Vermont considers ending clergy abuse reporting exemption
MONTPELIER, Vt. (AP) — The Vermont Legislature is considering a proposal that would end an exemption to the state’s child abuse and neglect reporting laws for members of the clergy.
On Wednesday, the Vermont Senate Judiciary Committee held the first of what could be several meetings on the subject before it votes on the proposal.
Attorney Benjamin Novogroski, of the office of Legislative Counsel, says Vermont’s mandated reporting law includes doctors, teachers and social workers who are required to report suspected child abuse and neglect. In some circumstances, members of the clergy also are required reporters, but not when the member of the clergy learns of the abuse during a setting such as the confessional.
Novogroski said that in researching the proposal, he found that when other jurisdictions have attempted to enact similar legislation it has been criticized for ostensibly interfering with the constitutional right to the free exercise of religion.
“”But, really, how that would play out in Vermont is unclear,” he said.
“I feel like the balancing test here is weighing the importance of reporting child abuse versus the importance of protecting the person’s confidentiality when they want to confess because they feel guilty,” said Democratic Sen. Nader Hashim, a Democrat from Windham County.
Aryka Radke, the commissioner of the Family Services Division of the Vermont Department for Children and Families, said the division supports the proposal.
“Eliminating the clergy exemption could provide an additional path for reporting child abuse, which is definitely consistent with our department’s child welfare mission,” she said.
The measure was proposed by state Sen. Richard Sears, the longtime chair of the Judiciary Committee who has worked for years to fight child abuse.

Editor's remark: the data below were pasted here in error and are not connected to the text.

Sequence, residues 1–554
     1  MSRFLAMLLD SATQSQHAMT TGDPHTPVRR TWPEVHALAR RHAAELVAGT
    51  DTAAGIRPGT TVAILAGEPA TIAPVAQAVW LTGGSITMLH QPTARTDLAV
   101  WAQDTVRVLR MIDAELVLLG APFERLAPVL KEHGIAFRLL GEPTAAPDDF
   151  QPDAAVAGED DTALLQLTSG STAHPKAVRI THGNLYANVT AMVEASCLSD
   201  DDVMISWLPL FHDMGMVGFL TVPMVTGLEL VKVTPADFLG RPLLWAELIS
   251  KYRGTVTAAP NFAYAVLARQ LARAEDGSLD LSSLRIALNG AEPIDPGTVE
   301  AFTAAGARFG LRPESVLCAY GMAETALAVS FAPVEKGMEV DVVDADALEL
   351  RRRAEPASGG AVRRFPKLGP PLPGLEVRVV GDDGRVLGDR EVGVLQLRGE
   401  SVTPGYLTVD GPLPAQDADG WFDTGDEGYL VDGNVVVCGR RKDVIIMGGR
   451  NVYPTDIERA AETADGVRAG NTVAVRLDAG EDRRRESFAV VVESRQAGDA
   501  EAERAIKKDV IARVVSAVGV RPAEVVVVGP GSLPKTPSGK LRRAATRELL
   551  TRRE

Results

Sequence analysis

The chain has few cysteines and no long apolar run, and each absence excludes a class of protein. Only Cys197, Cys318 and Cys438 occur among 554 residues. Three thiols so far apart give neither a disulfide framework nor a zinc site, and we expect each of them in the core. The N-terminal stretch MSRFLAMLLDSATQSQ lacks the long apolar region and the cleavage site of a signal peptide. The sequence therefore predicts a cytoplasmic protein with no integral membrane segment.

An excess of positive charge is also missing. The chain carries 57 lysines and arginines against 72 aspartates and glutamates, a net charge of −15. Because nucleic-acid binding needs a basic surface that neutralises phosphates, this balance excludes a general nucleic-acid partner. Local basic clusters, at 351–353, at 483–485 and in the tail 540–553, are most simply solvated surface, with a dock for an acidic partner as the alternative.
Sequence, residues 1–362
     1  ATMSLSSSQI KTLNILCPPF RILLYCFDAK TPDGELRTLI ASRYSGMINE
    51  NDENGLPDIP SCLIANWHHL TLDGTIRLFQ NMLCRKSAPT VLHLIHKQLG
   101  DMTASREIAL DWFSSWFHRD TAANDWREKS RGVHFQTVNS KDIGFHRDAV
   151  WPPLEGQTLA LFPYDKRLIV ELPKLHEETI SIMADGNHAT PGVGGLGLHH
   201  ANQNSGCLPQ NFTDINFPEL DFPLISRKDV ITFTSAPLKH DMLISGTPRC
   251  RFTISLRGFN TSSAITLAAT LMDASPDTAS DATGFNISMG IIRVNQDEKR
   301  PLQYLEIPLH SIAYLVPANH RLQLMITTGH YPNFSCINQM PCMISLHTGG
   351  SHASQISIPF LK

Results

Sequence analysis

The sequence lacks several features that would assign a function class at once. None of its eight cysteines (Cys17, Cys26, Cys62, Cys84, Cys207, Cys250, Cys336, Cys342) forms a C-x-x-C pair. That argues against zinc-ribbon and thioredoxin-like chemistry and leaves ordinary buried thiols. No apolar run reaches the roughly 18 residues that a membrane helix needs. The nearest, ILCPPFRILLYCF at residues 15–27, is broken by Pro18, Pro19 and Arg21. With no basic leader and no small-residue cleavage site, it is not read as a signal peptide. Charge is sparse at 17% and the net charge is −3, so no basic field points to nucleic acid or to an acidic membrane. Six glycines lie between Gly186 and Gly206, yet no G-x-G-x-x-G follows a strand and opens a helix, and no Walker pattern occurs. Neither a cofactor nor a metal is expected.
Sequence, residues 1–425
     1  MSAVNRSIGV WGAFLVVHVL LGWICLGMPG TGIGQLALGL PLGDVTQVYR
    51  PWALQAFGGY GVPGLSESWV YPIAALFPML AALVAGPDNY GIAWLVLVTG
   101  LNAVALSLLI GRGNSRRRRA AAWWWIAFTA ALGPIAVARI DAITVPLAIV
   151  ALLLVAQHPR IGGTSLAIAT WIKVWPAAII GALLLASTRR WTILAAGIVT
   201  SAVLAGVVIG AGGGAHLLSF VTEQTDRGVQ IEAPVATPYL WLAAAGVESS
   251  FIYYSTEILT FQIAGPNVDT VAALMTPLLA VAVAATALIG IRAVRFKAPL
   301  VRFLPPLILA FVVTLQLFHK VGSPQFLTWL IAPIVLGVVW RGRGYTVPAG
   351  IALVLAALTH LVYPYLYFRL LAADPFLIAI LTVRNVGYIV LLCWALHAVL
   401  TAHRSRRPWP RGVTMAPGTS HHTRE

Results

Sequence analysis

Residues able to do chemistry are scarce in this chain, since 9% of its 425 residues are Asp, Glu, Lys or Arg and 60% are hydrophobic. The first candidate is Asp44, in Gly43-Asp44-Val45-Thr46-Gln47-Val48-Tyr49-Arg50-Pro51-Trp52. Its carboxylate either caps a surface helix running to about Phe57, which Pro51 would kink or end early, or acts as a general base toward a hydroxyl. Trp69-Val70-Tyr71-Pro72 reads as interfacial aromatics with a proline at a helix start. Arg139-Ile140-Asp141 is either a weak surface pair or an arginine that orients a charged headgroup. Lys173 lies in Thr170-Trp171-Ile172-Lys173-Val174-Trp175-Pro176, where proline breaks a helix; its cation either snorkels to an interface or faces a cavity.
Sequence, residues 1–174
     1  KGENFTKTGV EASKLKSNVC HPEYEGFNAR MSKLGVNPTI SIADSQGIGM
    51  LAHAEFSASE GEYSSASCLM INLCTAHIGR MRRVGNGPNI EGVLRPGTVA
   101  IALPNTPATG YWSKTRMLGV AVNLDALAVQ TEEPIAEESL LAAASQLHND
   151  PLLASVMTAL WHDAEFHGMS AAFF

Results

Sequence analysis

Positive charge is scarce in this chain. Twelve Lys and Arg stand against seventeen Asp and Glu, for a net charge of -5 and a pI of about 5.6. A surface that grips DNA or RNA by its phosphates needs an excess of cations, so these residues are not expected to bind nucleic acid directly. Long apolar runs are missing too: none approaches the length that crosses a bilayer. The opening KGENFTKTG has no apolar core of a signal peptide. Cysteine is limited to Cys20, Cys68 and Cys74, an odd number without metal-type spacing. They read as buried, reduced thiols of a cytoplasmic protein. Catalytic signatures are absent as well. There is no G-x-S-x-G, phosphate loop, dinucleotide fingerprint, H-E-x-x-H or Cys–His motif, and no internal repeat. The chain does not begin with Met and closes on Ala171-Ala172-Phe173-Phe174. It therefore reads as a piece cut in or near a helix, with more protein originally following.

Sears made the proposal after learning through a news story published last year by The Associated Press that Vermont is one of 33 states that exempt clergy in certain circumstances from laws requiring professionals such as teachers, physicians and psychotherapists to report information about alleged child sex abuse to police or child welfare officials.
Nationwide, the exemption has resulted in an unknown number of predators being allowed to continue abusing children for years despite having confessed the behavior to religious officials. In many cases, the privilege has been invoked to shield religious groups from civil and criminal liability after the abuse became known to civil authorities.
Sears said in December that over the years there have been cases in Vermont in which mandated reporters didn’t report instances of abuse as required but that he was unaware of any cases specifically involving members of the clergy.
During the meeting at the Statehouse in Montpelier, lawmakers heard from a judge, criminal lawyers, and a social worker, but there were no members of religious organizations present either in person or participating remotely.
After the hearing, Hashim said the proposal is not aimed at any specific faith. He said he would like members of religious faiths to testify at future hearings.
“I think hearing from a religious scholar who has an understanding of multiple religions and their laws, I think it’d be helpful,” he said.
Copyright © The Associated Press. All rights reserved. This material may not be published, broadcast, rewritten or redistributed.